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Publication numberUS8112654 B2
Publication typeGrant
Application numberUS 11/921,309
PCT numberPCT/DK2006/000290
Publication dateFeb 7, 2012
Filing dateMay 26, 2006
Priority dateJun 1, 2005
Also published asCN100594463C, CN101198920A, EP1891497A1, US20080276116, WO2006128459A1
Publication number11921309, 921309, PCT/2006/290, PCT/DK/2006/000290, PCT/DK/2006/00290, PCT/DK/6/000290, PCT/DK/6/00290, PCT/DK2006/000290, PCT/DK2006/00290, PCT/DK2006000290, PCT/DK200600290, PCT/DK6/000290, PCT/DK6/00290, PCT/DK6000290, PCT/DK600290, US 8112654 B2, US 8112654B2, US-B2-8112654, US8112654 B2, US8112654B2
InventorsTobias Bjerregaard
Original AssigneeTeklatech A/S
Export CitationBiBTeX, EndNote, RefMan
External Links: USPTO, USPTO Assignment, Espacenet
Method and an apparatus for providing timing signals to a number of circuits, and integrated circuit and a node
US 8112654 B2
Abstract
A method of providing or transporting a timing signal between a number of circuits, electrical or optical, where each circuit is fed by a node. The nodes forward timing signals between each other, and at least one node is adapted to not transmit a timing signal before having received a timing signal from at least two nodes. In this manner, the direction of the timing skew between nodes and circuits is known and data transport between the circuits made easier.
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Claims(46)
1. A method of providing timing signals to a number of circuits, the method comprising:
providing a plurality of interconnected nodes, each circuit being connected to a node, each node receiving a timing signal from one or more other nodes and transmitting a corresponding timing signal to at least one other node and/or a circuit(s) connected to the node,
providing the timing signal to one of the nodes,
at least one node receiving the timing signal from each of two or more nodes and not transmitting the corresponding timing signal to the at least one other node and/or a circuit(s) connected thereto, before the timing signal has been received from each of the two or more nodes, and
positioning the nodes topologically in a number of dimensions defined by at least two non-parallel directions so that the node(s) adapted to receive the timing signal from a transmitting node are positioned further in at least one of the at least two non-parallel directions than the transmitting node, such that a timing skew is along the at least two non-parallel directions.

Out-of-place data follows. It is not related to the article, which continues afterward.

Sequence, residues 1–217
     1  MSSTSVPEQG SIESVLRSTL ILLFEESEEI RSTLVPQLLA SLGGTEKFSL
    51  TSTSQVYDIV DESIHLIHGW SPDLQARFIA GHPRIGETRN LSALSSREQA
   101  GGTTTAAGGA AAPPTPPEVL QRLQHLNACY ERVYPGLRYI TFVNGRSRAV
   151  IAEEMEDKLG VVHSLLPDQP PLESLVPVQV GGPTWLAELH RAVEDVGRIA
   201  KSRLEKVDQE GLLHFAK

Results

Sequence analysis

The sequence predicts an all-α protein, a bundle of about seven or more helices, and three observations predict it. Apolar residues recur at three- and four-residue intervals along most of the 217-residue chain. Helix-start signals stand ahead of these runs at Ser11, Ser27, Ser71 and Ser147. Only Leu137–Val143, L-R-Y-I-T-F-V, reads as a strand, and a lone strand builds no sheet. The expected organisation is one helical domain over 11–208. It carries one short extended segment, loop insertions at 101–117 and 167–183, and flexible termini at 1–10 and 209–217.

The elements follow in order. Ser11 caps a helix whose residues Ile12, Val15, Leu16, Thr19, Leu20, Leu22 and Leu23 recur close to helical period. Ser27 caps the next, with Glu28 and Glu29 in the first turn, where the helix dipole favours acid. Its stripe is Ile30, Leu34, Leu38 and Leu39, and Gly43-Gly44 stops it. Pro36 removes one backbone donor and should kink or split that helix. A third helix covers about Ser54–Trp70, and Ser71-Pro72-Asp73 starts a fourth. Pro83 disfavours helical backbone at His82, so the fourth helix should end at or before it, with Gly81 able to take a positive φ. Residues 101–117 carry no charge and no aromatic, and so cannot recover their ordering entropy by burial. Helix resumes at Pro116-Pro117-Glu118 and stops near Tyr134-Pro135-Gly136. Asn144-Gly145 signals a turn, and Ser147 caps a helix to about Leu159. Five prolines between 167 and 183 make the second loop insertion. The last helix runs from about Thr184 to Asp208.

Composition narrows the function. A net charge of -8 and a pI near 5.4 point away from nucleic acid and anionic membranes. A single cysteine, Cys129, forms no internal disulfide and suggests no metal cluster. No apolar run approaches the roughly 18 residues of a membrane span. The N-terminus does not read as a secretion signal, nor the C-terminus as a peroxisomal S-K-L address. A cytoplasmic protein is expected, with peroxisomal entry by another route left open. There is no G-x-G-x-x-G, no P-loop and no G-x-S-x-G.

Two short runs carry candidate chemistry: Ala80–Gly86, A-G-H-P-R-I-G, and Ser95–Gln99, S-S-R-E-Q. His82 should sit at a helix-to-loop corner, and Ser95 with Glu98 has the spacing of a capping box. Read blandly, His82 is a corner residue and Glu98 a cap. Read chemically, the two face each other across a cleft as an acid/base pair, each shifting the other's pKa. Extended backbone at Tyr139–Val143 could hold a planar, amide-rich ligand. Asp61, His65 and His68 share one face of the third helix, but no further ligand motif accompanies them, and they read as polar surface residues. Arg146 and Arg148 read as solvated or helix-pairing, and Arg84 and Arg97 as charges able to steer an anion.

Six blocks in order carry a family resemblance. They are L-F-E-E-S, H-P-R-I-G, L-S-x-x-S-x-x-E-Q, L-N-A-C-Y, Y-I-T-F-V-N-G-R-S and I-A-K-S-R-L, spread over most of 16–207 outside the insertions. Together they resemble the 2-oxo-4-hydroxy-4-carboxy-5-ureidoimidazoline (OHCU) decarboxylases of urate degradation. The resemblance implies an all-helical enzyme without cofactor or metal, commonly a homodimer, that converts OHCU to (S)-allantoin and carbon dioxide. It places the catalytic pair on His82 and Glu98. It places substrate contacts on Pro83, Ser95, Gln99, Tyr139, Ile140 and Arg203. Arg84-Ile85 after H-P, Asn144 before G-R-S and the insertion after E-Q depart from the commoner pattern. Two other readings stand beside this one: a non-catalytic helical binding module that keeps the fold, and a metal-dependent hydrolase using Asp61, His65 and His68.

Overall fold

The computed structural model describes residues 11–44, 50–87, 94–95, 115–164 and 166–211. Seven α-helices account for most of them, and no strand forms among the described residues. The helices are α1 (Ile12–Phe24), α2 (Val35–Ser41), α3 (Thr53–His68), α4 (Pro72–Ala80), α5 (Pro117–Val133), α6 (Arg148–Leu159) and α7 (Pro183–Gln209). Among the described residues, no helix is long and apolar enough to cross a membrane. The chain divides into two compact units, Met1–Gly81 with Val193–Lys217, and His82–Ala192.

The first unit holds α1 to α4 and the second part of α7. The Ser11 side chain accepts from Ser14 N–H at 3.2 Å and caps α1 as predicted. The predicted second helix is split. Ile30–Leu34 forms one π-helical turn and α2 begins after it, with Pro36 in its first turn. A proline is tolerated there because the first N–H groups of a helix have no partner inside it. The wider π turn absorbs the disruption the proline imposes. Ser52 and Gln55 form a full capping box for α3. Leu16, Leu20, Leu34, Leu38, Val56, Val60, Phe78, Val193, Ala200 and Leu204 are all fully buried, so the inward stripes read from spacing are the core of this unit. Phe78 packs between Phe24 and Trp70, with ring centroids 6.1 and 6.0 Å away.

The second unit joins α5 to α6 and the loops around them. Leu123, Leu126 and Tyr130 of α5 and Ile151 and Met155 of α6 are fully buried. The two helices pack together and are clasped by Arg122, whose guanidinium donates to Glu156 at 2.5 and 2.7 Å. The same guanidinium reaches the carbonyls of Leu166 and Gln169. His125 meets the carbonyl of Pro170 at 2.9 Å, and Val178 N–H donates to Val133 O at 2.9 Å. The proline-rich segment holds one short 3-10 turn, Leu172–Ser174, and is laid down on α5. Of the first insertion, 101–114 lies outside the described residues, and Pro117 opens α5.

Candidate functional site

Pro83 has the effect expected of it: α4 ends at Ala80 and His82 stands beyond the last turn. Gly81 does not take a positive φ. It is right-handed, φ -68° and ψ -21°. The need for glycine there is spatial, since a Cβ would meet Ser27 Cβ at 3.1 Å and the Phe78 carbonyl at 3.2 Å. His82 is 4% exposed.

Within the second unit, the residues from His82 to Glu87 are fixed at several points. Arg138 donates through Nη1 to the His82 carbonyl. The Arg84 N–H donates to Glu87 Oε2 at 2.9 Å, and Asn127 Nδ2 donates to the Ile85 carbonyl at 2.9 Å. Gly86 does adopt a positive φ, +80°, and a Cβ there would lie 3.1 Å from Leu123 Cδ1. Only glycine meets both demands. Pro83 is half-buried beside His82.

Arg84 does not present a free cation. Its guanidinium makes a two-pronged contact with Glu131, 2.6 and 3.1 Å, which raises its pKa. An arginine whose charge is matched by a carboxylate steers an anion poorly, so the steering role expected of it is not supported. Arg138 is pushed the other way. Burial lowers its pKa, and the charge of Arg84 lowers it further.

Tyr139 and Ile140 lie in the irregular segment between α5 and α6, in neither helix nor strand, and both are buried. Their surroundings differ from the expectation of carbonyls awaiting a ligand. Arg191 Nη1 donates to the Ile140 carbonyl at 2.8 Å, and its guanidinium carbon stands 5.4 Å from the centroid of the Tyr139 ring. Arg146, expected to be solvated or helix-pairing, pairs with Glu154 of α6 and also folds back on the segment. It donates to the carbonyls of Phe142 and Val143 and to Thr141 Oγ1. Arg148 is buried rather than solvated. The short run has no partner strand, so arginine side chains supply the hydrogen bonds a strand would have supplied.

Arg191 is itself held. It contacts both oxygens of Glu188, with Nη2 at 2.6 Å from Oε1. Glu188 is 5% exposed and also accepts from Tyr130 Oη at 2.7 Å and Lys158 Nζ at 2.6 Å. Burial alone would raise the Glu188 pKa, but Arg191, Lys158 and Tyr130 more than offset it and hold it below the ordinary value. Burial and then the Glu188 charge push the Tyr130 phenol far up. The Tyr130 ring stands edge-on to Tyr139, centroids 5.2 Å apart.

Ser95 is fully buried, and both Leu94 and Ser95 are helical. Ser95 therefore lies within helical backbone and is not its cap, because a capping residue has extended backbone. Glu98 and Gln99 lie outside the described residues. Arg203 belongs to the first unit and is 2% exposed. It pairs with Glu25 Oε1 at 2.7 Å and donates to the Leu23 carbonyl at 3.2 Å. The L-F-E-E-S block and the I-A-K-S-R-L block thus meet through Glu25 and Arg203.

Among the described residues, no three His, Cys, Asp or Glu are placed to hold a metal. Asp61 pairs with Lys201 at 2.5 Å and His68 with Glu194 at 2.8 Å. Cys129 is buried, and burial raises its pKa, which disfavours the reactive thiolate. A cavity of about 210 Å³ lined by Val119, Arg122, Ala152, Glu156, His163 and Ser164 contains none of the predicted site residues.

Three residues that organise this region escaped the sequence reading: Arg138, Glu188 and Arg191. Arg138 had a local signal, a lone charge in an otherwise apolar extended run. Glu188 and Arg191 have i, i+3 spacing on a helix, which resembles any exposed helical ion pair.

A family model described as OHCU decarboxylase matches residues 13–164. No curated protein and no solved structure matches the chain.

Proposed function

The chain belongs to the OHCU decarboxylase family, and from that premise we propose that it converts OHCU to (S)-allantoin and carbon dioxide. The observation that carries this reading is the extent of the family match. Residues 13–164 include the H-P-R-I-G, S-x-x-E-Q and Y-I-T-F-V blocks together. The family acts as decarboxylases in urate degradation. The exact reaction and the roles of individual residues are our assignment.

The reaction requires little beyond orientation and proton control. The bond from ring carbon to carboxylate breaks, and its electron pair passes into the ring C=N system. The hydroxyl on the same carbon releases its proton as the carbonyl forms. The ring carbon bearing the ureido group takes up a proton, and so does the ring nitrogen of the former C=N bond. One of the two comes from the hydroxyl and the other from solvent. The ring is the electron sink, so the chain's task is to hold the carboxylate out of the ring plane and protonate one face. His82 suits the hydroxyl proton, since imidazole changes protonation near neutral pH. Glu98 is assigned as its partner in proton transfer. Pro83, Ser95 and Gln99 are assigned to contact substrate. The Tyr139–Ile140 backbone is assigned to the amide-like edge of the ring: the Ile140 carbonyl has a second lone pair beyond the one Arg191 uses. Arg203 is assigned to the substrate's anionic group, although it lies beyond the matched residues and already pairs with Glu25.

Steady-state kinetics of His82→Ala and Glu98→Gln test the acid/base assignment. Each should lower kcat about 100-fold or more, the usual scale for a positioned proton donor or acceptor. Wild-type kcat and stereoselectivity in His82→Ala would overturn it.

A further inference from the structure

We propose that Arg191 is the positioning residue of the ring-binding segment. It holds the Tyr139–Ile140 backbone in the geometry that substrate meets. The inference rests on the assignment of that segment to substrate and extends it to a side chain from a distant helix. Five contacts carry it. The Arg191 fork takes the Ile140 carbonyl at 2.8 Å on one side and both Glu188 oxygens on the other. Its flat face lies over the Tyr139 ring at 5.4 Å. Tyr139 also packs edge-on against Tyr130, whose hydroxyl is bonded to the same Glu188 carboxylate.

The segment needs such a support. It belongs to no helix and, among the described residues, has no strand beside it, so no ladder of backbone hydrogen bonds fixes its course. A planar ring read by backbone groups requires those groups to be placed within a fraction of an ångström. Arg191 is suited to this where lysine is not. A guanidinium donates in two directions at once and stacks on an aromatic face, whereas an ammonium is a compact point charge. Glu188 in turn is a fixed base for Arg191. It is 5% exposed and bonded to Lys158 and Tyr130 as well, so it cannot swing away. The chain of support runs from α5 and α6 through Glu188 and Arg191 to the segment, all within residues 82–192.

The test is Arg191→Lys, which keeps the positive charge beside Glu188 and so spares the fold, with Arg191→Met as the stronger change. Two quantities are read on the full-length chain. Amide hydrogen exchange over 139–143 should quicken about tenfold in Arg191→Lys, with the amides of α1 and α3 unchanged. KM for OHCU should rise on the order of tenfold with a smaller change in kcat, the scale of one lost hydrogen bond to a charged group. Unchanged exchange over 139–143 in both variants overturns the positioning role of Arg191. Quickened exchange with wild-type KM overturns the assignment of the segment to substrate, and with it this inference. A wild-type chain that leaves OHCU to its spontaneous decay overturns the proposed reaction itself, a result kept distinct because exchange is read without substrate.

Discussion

2. A method according to claim 1, wherein a plurality of the nodes receive the timing signal from two or more nodes and do not transmit the corresponding timing signal to the at least one other node, before the timing signal has been received from each of the two or more nodes.
3. A method according to claim 1, wherein one or more of the nodes, when receiving a first timing signal from one or more other nodes, transmit(s) an acknowledging signal to each of the one or more other node(s).
4. A method according to claim 3, wherein the one or more nodes further do not transmit a subsequent timing signal received from the other node(s), before having received an acknowledging signal from each of the node(s) to which a timing signal corresponding to the first timing signal has been transmitted.
5. A method according to claim 3, wherein the one or more nodes do not transmit the acknowledging signal(s) before having received timing signals from all nodes transmitting timing signals to the node.
6. A method according to claim 1, wherein the timing signal received by the at least one of the nodes is being a sequence, in time, of at least two different values, and transmits, to the other node(s), as the corresponding timing signal, the received timing signal inversed so that higher and lower values are interchanged in the same timing sequence.
7. A method according to claim 1, further comprising the step of two of the circuits interchanging data, the interchanging of data being controlled by the timing signals received by the circuits from each of two of the nodes.
8. A method according to claim 6, wherein the interchanging data includes each circuit transmitting or receiving data in connection with a change, in the timing signal received, from a lower of the two or more values to a higher of the values or a change from the higher to the lower of the values.
9. A method according to claim 8, wherein the two circuits are adapted to transmit or receive data in connection with the same change and are connected to two neighbouring nodes or two nodes between which an even number of the at least one node(s) exist.